Over the past decade, we've noted several times in this space that logistics has a nice built-in hedge against being replaced by emerging technology. Despite all the amazing technological breakthroughs during the period, logistics has effectively been sheltered from obsolescence by the very nature of its activity.
The technology has been amazing indeed. You have at your disposal today systems that provide end-to-end product and inventory visibility, optimize your logistics network, track shipments globally in real time, and in the case of artificial intelligence software, even make critical logistics business decisions for you. Yet for all they can do to enhance efficiency, there's one thing these technologies can't do: replace a logistics operation. At the end of the day, somebody (and something) has still got to physically move all your company's stuff.
And we've always assumed nothing would change that until the day comes when, say, Star Trek-style teleportation becomes a reality.
Well, folks, that day may be closer than you ever imagined, and it will flat-out rock your (logistics) world, and in 3D, no less.
Behold the emergence of 3D printers. Still in their relative infancy, these machines can already, with just a few keystrokes, spit out anything from a wedding ring or a shirt button to replacement parts for your car. Just as easily as your desktop printer puts ink on a sheet of paper, 3D printers extrude ultrathin fibers of heated plastic and layer them to turn software-enhanced images into actual solid objects.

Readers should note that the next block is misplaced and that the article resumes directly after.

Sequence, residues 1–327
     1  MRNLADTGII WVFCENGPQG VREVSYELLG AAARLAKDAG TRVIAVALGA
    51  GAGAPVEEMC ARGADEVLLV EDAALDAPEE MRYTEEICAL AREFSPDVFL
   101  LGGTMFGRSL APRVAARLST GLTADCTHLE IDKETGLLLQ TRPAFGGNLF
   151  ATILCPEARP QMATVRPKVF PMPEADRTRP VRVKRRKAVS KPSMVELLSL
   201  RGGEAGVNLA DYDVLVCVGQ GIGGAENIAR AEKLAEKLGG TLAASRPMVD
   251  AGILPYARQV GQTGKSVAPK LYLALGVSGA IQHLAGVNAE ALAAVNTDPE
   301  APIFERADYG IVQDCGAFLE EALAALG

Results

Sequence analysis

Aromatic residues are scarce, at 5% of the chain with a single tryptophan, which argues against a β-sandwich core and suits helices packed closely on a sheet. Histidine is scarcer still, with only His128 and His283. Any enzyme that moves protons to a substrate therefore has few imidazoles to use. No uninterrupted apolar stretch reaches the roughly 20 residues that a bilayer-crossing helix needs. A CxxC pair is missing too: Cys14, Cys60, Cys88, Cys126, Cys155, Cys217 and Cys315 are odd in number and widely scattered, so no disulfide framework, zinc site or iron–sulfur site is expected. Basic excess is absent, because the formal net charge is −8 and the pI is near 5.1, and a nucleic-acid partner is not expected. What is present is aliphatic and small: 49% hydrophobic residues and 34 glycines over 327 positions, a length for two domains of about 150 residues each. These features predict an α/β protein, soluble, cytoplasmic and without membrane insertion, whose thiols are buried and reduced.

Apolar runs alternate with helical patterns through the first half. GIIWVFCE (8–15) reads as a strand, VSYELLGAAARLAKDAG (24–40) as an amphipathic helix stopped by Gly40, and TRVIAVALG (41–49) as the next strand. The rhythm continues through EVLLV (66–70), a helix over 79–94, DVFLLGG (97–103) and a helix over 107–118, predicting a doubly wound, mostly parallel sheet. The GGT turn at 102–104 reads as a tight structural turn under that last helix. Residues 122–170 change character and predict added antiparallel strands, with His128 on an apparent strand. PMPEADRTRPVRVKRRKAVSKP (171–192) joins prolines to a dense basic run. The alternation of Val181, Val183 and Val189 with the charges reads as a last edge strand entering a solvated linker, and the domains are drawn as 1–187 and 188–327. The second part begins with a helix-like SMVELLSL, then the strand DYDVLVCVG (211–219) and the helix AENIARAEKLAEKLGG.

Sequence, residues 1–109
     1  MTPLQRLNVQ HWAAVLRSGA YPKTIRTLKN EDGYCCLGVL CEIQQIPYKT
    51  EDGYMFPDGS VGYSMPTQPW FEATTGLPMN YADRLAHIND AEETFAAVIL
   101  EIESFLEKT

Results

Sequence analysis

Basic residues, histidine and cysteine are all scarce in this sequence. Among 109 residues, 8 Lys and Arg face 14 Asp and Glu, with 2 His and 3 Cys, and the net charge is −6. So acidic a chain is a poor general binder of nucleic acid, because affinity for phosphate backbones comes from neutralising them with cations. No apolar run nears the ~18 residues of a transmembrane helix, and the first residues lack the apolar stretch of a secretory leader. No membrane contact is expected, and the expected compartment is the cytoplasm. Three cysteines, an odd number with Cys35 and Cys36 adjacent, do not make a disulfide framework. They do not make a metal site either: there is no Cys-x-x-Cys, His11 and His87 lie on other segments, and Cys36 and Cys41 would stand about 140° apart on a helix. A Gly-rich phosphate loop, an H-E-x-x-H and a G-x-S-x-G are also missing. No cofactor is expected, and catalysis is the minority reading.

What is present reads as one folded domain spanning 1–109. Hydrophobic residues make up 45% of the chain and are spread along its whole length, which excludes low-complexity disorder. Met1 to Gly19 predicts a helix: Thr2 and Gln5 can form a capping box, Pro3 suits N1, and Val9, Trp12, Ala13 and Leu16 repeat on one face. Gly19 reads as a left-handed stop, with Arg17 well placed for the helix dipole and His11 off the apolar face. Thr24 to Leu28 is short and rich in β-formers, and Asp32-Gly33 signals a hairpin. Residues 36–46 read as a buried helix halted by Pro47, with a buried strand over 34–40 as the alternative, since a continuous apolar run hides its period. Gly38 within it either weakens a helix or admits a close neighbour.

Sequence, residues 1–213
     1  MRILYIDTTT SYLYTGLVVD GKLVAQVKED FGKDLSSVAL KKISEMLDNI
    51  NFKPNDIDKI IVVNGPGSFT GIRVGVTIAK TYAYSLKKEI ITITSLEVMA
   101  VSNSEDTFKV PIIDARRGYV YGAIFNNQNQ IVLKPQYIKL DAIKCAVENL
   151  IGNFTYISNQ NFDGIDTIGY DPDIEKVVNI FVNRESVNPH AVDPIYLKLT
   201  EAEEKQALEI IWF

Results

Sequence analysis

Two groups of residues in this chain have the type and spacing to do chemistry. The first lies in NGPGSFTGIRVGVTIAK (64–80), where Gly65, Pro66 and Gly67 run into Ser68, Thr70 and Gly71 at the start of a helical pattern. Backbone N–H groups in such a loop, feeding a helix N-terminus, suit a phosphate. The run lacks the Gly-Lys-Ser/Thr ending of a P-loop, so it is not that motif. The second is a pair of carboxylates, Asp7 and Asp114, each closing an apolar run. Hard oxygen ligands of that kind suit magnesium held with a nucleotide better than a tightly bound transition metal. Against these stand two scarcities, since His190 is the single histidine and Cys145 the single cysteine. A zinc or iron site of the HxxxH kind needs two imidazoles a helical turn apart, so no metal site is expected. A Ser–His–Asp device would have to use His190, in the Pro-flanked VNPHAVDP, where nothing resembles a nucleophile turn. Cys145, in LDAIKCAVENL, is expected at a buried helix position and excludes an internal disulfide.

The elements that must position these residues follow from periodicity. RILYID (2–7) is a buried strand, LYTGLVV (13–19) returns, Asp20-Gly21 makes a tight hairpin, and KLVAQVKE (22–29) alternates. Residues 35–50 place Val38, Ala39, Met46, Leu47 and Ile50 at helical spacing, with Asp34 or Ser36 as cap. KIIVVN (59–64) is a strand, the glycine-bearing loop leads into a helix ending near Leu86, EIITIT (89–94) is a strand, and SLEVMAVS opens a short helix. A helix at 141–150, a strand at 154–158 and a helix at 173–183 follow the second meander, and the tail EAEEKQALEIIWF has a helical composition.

It's not as far-fetched as it seems. In fact, a New York-based company called MakerBot started selling the $2,200 Replicator 2, its latest and most advanced 3D printer, back in September. In just over a month, it had sold over 2,000 units.
MakerBot is viewed as the leader in an emerging technology sector that is admittedly still in the early stages. The predictions, though, are that it will mature quickly. In fact, Deloitte projects that the global market for 3D printers, currently estimated at just under $200 million in annual sales, will grow twofold each year for the foreseeable future.
With these 3D printers getting better every day—and with the potential to produce even larger and more complex items—consumers and businesses can now legitimately envision a time when a product will be delivered to their home via 3D printer, the same way you get tickets to movies, concerts, or sporting events. What happens to logistics networks when the printer is able to use composites, and instead of making lampshades, can deliver complex aircraft parts? The day, it seems, is coming, and sooner than anyone may have expected.
We have seen over the years, that technology can result in "creative destruction" of existing businesses, and in some cases, entire industries. (Been to a Borders book store lately?) In logistics, we've already seen how digital technology can transform supply chains. Remember when you used to draw goods from your supplier and then send them on to your customer? More and more these days, your customers interact online directly with your suppliers, who deliver the orders right to your clients without your ever having to touch the goods.
What are 3D printers going to destroy? Although that remains to be seen, one thing is certain: Creative destruction is just around the corner, and it will rock our (logistics) world.